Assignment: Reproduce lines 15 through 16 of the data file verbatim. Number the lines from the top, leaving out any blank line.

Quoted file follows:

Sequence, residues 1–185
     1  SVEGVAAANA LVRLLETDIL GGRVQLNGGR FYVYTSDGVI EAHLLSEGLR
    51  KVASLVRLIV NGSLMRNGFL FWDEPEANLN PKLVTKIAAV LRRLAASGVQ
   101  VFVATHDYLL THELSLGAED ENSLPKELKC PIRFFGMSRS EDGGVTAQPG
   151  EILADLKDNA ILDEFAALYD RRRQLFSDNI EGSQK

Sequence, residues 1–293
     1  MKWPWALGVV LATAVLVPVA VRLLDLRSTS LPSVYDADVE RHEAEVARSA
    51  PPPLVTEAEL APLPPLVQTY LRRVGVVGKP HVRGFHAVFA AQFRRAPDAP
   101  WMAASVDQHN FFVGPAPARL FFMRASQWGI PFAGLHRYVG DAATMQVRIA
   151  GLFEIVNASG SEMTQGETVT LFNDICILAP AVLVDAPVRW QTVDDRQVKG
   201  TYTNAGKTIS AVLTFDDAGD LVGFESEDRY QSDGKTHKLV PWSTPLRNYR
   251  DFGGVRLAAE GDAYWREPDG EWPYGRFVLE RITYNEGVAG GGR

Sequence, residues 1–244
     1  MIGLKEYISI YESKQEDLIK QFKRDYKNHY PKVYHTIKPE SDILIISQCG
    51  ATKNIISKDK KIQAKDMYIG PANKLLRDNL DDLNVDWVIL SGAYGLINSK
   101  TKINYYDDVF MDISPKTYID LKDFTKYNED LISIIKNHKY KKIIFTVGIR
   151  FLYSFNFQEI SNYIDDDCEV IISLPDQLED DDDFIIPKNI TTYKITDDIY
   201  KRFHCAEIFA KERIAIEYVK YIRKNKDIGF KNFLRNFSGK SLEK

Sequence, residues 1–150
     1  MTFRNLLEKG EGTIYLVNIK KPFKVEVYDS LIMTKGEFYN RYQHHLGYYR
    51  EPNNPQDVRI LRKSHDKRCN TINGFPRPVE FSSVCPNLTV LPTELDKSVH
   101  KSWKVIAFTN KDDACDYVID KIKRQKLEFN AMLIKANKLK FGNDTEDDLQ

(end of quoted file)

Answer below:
    51  ATKNIISKDK KIQAKDMYIG PANKLLRDNL DDLNVDWVIL SGAYGLINSK
   101  TKINYYDDVF MDISPKTYID LKDFTKYNED LISIIKNHKY KKIIFTVGIR